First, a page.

Forearm Surgery

Forearm Surgery

Forearm surgery is performed for a variety of conditions. Fractures and breaks are common reasons for having a forearm surgery. When both bones of the forearm are involved in a break, surgery is almost always necessary. The condition causes the forearm to be unstable and casting will not help the fracture or break heal properly.

A metal plate may be placed in the arm to hold the broken bones in place and this involves the use of hardware that attaches the plate to the broken bone. There are some complications that can arise with a forearm surgery that should be monitored after the surgery is complete.

All surgeries carry the risk of infection and the incision sites should be monitored for evidence of infection. If the skin becomes red and inflamed or warm to the touch, an infection may be present. Inflammation may be accompanied by an oozing wound. Fluids draining from the incision site are filled with pus; this may be a sign of an infection and should be seen immediately. Patients may also have a fever with an infection.

There is also a decreased range of motion after a forearm surgery. Patients are typically started with physical therapy after the surgery to improve range of motion and help the arm heal. The decreased motion may be in the wrist or elbow of the affected arm.

Physical therapy begins with range of motion exercises after the forearm surgery. The exercises may occur the same day or next day after the procedure. The sooner that physical therapy begins, the sooner the healing and range of motion will return.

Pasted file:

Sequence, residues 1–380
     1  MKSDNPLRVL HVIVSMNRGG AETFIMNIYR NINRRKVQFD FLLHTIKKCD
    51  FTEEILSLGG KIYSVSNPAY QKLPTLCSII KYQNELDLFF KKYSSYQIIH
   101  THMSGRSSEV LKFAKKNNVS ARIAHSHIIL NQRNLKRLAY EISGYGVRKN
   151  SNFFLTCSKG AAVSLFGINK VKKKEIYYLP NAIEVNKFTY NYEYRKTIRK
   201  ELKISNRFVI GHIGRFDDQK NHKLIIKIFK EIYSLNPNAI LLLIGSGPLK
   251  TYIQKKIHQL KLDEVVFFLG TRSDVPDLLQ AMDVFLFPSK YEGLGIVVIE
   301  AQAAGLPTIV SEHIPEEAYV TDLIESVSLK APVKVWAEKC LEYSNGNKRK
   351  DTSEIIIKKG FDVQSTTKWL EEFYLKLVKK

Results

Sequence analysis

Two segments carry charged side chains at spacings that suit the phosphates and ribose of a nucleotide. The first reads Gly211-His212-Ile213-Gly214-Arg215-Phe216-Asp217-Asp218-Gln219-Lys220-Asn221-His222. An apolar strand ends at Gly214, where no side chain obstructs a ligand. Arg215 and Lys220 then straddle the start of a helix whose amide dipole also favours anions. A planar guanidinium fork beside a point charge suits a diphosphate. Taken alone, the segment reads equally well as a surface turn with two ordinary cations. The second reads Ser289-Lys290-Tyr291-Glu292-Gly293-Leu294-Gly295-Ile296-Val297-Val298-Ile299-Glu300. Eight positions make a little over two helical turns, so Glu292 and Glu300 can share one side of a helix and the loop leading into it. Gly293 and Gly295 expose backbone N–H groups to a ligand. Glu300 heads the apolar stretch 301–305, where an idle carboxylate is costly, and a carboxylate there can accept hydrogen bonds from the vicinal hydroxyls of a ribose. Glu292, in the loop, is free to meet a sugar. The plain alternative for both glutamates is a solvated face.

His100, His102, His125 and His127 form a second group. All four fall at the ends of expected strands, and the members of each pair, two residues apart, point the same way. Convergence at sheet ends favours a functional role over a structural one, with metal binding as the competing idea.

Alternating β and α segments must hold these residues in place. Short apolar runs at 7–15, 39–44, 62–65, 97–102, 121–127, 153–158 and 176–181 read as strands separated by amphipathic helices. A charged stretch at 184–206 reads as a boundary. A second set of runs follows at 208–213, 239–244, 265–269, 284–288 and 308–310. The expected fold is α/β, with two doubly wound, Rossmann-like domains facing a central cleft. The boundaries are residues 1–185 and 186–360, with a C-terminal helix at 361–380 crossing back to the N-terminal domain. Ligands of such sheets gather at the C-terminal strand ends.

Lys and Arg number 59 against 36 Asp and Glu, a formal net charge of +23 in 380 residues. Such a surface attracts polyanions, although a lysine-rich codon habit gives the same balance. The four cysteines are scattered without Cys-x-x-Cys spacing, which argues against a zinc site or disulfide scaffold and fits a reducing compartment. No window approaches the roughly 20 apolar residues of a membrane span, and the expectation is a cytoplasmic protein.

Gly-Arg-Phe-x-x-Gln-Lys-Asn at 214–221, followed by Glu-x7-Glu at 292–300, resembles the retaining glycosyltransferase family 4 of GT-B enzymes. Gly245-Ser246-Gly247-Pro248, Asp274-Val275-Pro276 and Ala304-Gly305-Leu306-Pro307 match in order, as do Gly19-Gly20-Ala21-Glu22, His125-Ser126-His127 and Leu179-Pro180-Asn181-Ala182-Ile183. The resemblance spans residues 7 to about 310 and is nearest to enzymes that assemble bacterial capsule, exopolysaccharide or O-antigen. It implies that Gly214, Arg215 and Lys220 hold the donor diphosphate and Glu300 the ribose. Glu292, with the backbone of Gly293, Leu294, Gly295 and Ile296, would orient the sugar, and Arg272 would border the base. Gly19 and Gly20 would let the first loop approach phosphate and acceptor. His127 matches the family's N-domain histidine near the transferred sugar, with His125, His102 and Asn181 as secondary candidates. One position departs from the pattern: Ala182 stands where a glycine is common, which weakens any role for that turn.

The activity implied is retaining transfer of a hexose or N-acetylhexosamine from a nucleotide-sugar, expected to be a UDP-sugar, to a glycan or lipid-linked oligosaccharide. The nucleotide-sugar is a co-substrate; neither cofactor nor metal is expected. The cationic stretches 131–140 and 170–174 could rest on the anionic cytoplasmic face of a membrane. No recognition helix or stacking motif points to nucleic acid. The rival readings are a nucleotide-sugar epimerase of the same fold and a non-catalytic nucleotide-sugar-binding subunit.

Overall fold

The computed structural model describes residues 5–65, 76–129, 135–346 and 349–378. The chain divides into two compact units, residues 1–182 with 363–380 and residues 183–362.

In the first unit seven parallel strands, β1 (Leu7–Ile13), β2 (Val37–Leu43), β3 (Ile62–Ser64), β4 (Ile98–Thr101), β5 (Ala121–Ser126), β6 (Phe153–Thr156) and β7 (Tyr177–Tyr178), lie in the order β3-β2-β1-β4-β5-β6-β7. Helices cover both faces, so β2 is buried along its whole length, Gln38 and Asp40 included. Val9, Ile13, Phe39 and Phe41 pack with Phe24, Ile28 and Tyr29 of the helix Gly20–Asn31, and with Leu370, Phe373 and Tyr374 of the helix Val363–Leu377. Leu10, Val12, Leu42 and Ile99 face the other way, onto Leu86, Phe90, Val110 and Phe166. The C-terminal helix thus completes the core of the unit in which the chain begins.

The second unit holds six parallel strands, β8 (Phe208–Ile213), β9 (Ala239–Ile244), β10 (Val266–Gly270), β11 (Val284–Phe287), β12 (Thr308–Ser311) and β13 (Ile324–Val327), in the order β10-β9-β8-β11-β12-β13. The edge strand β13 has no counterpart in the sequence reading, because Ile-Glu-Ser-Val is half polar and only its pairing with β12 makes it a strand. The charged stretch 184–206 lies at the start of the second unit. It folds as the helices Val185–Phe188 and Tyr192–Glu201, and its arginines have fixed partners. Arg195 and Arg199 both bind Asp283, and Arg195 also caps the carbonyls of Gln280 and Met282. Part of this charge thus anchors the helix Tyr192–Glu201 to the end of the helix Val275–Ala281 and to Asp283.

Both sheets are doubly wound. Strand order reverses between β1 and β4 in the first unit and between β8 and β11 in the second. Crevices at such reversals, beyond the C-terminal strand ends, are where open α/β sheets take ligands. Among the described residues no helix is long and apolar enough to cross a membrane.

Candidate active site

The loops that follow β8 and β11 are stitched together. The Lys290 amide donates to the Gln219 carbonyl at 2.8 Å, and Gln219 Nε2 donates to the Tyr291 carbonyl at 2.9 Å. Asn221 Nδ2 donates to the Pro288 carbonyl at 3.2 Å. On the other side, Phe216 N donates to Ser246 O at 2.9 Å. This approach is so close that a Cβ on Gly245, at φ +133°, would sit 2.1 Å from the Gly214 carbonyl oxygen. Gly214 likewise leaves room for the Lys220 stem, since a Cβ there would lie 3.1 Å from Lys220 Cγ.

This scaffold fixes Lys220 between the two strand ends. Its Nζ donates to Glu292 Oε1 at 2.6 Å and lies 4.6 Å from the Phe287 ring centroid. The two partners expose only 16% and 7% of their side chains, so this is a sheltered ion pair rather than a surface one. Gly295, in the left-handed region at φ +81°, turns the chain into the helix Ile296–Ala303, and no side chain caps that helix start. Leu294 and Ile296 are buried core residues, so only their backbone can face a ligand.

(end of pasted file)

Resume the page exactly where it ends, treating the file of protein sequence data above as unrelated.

The hardware that is used in a forearm surgery may also cause pain during the healing process. Some patients report that they can feel the metal implants under the skin. The hardware may be removed a year or more after the surgery. The hardware should not be removed before a year has passed after the forearm surgery.

A brace may be worn after a forearm surgery to keep the arm still while the bones heal. Physical therapy will work with the brace until it can be removed.

Some patients experience a non healing fracture and may require additional surgery to help the bones heal. A bone graft may be necessary in these cases to help the bones heal. This usually occurs in patients who have a fracture that has broken into many small pieces.


A patient in good medical condition with a program of physical therapy in place should expect a good recovery from a forearm surgery. Not every case will experience a return of the full range of motion, but many patients are able to fully recover from the surgery and break. Working with the physical therapist will help return strength as well, which help support the bone.